Table 9-2 also shows that a \(-CO_2H\) group should have a \(C-O\) absorption band between \(1350 \: \text{cm}^{-1}\) and \(1400 \: \text{cm}^{-1}\) and \(O-H\) absorption (bending frequency) between \(1000 \: \text{cm}^{-1}\) and \(1410 \: \text{cm}^{-1}\), and there is indeed a band of medium intensity at \(1350 \: \text{cm}^{-1}\) and a strong band at \(1240 \: \text{cm}^{-1}\). These absorptions, being in the fingerprint region, do not prove that the compound is a carboxylic acid; but if there were no absorptions in the \(1000 \: \text{cm}^{-1}\) to \(1400 \: \text{cm}^{-1}\) range, the presence of a \(-CO_2H\) group would be highly questionable.

    Roberts and Caserio Screenshot 9-7-4.png
    Figure 9-13: Infrared spectrum of a compound, \(C_4H_6O_2\)

    Tentatively, then, we may write a partial structure for \(C_4H_6O_2\) as

    Roberts and Caserio Screenshot 9-7-5.png
    Figure 9-13. The alternative to a double bond would be a ring, which for \(C_3H_5\) has to be a cyclopropyl ring. The structure that is most compatible with the spectrum is

    Roberts and Caserio Screenshot 9-7-6.png

    Final identification may be possible by comparison with an authentic spectrum of cyclopropanecarboxylic acid, if it is available in one of the several standard compendia of infrared spectra. A total of about 150,000 infrared spectra are available for comparison purposes. You should check with the reference section of your library to see what atlases of spectral data are available to you.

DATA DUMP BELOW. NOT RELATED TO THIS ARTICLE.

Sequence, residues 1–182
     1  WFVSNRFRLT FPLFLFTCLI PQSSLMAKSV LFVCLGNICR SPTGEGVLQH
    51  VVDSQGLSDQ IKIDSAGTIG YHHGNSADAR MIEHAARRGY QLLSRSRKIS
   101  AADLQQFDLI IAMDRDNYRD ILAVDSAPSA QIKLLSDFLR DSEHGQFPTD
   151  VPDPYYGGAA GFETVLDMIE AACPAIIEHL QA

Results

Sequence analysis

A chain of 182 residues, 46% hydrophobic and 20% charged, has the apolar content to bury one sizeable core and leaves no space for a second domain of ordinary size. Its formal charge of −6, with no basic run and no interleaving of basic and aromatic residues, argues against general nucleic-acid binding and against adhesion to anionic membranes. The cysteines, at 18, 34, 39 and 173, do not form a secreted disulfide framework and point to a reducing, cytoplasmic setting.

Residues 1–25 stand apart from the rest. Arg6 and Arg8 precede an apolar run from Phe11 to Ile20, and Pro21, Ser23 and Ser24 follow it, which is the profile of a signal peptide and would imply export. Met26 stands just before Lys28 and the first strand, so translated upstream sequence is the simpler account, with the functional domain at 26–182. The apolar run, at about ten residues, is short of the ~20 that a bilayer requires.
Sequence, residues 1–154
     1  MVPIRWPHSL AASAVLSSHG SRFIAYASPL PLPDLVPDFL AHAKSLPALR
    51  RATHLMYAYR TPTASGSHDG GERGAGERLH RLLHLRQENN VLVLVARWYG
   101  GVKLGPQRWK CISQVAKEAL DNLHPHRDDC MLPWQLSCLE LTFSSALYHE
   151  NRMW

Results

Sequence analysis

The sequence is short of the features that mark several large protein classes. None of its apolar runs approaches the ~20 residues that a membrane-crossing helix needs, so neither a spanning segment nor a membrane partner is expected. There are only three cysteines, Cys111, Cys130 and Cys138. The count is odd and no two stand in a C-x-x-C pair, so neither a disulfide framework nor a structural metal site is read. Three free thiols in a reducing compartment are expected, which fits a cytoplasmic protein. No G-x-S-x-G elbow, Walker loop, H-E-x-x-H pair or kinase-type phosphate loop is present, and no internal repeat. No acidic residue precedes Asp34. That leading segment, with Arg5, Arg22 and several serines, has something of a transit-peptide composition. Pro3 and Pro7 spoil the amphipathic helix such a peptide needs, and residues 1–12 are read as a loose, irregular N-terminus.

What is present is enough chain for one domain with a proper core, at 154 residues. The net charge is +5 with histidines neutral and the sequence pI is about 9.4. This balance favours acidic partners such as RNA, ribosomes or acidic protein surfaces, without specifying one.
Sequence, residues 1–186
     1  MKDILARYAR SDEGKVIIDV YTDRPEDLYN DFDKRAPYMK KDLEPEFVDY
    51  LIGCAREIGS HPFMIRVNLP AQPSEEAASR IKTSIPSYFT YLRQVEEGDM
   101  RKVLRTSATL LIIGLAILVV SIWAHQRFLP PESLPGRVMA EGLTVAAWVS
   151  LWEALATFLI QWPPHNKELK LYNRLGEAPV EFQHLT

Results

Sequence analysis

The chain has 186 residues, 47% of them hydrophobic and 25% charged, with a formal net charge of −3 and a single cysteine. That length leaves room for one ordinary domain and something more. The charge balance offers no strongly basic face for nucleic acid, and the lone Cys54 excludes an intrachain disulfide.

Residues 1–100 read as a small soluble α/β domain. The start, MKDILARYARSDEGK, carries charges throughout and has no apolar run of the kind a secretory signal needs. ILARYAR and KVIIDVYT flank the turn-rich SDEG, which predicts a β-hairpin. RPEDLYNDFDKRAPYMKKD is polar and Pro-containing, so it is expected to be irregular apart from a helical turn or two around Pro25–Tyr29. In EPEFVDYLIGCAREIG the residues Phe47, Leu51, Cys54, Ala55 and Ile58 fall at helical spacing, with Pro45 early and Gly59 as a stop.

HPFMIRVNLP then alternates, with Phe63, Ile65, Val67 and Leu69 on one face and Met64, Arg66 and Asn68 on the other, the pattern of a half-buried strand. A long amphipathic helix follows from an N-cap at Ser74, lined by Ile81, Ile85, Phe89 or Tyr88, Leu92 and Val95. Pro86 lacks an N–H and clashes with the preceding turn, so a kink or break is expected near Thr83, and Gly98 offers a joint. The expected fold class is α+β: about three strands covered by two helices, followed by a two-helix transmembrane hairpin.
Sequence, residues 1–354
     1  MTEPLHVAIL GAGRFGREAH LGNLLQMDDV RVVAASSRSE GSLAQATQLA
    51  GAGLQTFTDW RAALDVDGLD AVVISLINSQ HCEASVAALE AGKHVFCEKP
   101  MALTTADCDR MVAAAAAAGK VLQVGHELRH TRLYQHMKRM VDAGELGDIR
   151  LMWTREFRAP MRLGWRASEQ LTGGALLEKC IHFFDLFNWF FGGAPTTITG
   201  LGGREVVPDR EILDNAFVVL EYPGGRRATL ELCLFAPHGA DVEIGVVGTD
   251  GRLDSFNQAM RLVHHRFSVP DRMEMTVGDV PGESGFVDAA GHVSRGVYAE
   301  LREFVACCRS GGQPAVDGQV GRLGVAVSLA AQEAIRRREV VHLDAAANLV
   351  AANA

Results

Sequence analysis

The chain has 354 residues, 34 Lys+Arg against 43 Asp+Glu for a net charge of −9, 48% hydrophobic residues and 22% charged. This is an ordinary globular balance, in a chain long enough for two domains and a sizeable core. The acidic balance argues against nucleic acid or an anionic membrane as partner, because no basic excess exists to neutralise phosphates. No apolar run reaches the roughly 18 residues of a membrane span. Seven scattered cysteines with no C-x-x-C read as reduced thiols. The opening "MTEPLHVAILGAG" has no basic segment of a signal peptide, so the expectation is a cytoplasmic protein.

The foregoing example illustrates the way structures can be determined from infrared spectral data. For many purposes, the infrared frequencies given in Table 9-2 are both approximate and incomplete. However, you could be easily frustrated in interpreting spectral data by being burdened with a very detailed table in which the unimportant is mixed with the important. The ability to use extensive tables effectively comes with experience. You should remember that tabulated infrared frequencies indicate only the range in which a given vibrational transition will fall. The exact value for a particular compound usually is meaningless because it will change depending on whether the spectrum is taken of the solid, liquid, or gaseous states, the solvent used, the concentration, and the temperature.

    \(^6\)Remember that lower frequency means longer wavelengths and lower energy.


    John D. Robert and Marjorie C. Caserio (1977) Basic Principles of Organic Chemistry, second edition. W. A. Benjamin, Inc. , Menlo Park, CA. ISBN 0-8053-8329-8. This content is copyrighted under the following conditions, "You are granted permission for individual, educational, research and non-commercial reproduction, distribution, display and performance of this work in any format."

    This page titled 9.8: Infrared (Rovibrational) Spectroscopy is shared under a CC BY-NC-SA 4.0 license and was authored, remixed, and/or curated by John D. Roberts and Marjorie C. Caserio.